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All banner artwork by Brady Johnson, college student and (semi-) starving artist.

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My book Machines are the easy part; people are the hard part is now available as a free download at Lulu.

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EdTech Update





Flood relief efforts and teasing

The Johnson household is doing what it can to help the flood victims in the Fargo area by taking in this pathetic litte group:

Dad stayed in Fargo to sandbag, protect the house, and minister to his church flock, but Mom. the boys and Willie the dog came down for an unexpected but very welcome visit. So far their home in Fargo is dry. Keeping our fingers crossed for them and all those living near the Red River.

Our big question - who is going remove all those sandbags piled up by the hundreds of volunteers when this is over and what will they do with the sand? Inquiring minds want to know.

Like most families, ours has tradition. It's sort of fun to see this one go multi-generational. When Carrie was small, I teased her that they put signs like this out just for her.

And now Paul gets the same treatment. As you can tell his ego is taking a real bruising.

I suppose everyone knows about when it is OK to tease and when it is not, but it might be worth repeating. Fun, even affectionate, teasing is about something that the person  feels confident (in this case Paul and his mom's intelligence). Mean teasing is poking fun of something about which the other person feels insecure. Easy as that.

There are those who would like to see teasing abolished completely. Are there are enough other sources of humor that teasing wouldn't be missed?


What do our school buildings say about us?

"We shape our buildings; and forever afterwards our building shape us." - Sir Winston Churchill

Paul at Quoteflections quotes Jack Diamond of Diamond and Schmitt Architects:

Architecture is an expression of its time and place. It reflects the values, power, and dominant elites of the prevailing social structure and the relevant position of nation states in the global context. It even demonstrates the attitudes of imperial powers to their subject peoples.

Having just visited Paris, Paul reflects on colonialism and how the great buildings he encountered suggested its influence. But this quote struck me a little differently: to what extent do our school buildings show respect or disrespect for children? Do we adult overlords design spaces that purposely subjugate and control rather than encourage growth and individualism?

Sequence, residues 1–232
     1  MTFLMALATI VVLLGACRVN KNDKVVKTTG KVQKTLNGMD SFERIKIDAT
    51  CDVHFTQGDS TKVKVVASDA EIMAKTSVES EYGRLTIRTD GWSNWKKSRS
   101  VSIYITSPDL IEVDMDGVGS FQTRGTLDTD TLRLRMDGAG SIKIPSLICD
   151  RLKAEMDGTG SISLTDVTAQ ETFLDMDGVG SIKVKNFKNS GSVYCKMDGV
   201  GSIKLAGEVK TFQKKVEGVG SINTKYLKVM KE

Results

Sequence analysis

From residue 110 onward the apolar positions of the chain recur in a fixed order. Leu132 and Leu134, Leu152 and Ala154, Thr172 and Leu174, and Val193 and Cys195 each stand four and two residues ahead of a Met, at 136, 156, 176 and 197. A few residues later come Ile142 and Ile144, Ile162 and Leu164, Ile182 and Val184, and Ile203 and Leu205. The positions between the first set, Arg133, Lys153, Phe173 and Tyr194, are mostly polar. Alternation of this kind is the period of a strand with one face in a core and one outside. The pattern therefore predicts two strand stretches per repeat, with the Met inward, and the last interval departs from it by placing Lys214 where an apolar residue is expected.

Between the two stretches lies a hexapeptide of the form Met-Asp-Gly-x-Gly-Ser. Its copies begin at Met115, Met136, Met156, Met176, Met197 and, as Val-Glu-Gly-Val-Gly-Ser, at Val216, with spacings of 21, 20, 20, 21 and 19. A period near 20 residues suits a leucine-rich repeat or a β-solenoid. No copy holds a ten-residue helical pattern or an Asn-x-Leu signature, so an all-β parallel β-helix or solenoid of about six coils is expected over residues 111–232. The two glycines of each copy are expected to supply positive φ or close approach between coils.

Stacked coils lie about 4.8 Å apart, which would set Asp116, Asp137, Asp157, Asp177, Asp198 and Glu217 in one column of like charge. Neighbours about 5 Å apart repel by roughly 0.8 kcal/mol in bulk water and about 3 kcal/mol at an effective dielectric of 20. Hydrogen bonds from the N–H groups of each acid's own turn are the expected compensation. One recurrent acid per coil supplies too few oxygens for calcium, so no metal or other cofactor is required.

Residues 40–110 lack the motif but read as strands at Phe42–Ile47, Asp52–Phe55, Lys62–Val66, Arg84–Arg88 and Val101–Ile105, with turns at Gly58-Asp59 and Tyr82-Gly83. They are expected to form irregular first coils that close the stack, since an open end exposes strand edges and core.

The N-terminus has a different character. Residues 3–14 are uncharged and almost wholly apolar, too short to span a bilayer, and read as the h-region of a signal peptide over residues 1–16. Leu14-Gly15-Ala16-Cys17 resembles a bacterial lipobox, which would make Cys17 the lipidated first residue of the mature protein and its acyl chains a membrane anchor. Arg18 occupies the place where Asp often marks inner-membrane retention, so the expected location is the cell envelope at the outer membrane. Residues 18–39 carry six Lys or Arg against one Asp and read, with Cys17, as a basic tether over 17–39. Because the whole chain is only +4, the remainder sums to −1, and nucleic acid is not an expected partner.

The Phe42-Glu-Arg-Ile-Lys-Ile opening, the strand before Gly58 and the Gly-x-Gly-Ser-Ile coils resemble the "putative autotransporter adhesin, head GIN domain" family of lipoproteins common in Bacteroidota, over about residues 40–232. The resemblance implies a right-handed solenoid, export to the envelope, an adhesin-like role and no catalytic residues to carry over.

One of the ugliest buildings both inside and out has to be Minnesota State University's Armstrong Hall of Education.

Squat, square, and spartan both inside and out, it's windowless, right-angled and utilitarian classrooms couldn't have been very exciting even when the building was new in 1964. Might one not expect graduates of this school to think in straight lines and exhibit one-right-answer mentalities?

Designers of most educational spaces seem to concentrate on low cost contruction, ease of maintenance, security, and visual control. Comfort, aesthetics, and inspiration don't much figure into the design process. Hey, it's just kids that will be in these buildings after all - what do they care?

Here are two pictures from projects I've been proud to be a part of designing. Look at the pictures as see if you note anything they have in common:

Give up?

While it's a little dificult to see, both media centers use curves in their design. The St. Peter media center above has a curved circulation desk that mirrors the curved lines of the greenhouse above it. The Eagle Lake media center has a curved couch (and its unseen story area is curved as well).

There are lots of other ways to show respect for facilty users beyond creating interesting lines. Indirect lighting; varying eleveations in ceiling heights; real windows and skylights; warmth-creating wood and fabric surfaces; and comfotable work/study/reading areas, both social and private. And of course, a place to display art on either a permanent or rotating basic.

Our students are no longer the captive, "subject peoples" they once were. Few students have to attend your school with the growing number of alternative education options like charter schools, home schools, open public school enrollment, online schools, and private schools from which they have to pick.

Do we need to start designing schools for people with choices? And for children we respect?


What does a librarian look like? - follow up

Here's a sneak preview of my son's proposed art work for my Head for the Edge book. I asked Blue Skunk readers to help describe "How do you draw a librarian?" a couple weeks ago.

What do you think?


See yourself in either of these?